At the end of her performance in a small room near the roof of the Royal Albert Hall, Vanessa Wagner leaned back, shook her hands vigorously, and issued a smile and a sigh of relief.
What came before was nothing short of mesmerising. As Wagner tackled complex, undulating, restless pieces by Philip Glass and Harold Budd, her fingers appeared to dance on the keys, sometimes lightly, often with resolute firmness. Between pieces her hands would float gently above the keys, as if contemplating what should come next. They would then fall lightly to the keys and begin their signature dance once more.
It is easy to regard minimalism – the genre of classical music into which Wagner has been perhaps inconveniently placed – as sparse and empty, of the spaces between notes as much as the notes themselves. Watching Wagner play literally thousands and thousands of notes challenges this. There are spaces. There is sparseness. But there is also density and intensity here, vital, energetic passages which are dizzying to watch. Her fingers move as if possessed, delivering lightning fast arpeggios and improbable clusters of notes.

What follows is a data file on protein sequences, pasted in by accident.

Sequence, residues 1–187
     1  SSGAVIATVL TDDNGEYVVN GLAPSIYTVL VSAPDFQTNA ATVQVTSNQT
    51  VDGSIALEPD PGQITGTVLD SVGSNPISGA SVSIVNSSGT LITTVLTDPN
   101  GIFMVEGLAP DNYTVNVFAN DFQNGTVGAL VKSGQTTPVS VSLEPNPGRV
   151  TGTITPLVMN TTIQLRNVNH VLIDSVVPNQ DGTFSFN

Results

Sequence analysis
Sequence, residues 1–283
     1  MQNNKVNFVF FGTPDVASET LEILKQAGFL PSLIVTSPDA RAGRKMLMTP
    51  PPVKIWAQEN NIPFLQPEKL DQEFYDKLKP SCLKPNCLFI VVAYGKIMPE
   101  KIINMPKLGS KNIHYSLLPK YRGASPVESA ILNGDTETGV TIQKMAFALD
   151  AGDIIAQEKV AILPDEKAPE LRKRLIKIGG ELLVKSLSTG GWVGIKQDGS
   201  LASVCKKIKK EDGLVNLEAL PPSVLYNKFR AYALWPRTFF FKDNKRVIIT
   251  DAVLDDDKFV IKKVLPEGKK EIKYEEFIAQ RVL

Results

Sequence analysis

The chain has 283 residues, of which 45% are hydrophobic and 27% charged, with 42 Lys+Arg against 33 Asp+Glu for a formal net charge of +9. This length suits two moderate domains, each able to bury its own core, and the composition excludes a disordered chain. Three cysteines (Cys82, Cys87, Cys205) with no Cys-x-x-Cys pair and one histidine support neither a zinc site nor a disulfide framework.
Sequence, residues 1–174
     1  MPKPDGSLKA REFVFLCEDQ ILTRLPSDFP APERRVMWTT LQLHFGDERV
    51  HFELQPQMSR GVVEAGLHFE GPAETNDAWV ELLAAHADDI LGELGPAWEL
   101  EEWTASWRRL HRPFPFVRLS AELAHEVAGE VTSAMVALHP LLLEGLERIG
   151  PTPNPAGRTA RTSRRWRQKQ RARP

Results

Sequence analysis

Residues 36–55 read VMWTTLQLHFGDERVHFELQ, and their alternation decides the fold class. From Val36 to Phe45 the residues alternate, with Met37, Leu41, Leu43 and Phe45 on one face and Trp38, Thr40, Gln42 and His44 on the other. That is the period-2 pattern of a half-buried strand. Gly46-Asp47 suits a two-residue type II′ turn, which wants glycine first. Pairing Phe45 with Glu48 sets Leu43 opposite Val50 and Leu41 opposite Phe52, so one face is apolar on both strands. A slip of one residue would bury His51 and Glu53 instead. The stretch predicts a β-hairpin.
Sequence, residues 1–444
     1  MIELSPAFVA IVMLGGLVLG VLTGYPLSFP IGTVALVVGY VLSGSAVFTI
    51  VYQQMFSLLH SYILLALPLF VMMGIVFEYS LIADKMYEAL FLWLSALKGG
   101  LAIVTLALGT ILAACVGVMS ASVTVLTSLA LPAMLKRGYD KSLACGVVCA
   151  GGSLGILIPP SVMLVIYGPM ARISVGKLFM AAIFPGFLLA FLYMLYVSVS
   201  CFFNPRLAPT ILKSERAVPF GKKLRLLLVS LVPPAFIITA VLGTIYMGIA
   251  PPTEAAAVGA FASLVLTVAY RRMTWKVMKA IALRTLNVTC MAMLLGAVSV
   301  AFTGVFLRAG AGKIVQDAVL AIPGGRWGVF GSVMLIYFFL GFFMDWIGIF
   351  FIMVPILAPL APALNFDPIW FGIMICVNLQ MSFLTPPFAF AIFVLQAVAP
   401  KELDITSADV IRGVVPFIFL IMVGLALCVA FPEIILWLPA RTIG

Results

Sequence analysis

Wagner’s most recent album, Study Of The Invisible, from which tonight’s pieces were taken, used electronic compositions as its starting point, out of which Wagner produced amazingly intricate piano versions. Watching her perform a piece like Suzanne Ciani’s ‘Rain’, wherein she seemed to turn her piano into a stream of liquid, coruscating notes and textures, will stay with this writer forever. A truly transcendent and vital musician, and a truly memorable concert.
Thanks to Dean.
Words: Mat Smith
(c) 2022 Further.
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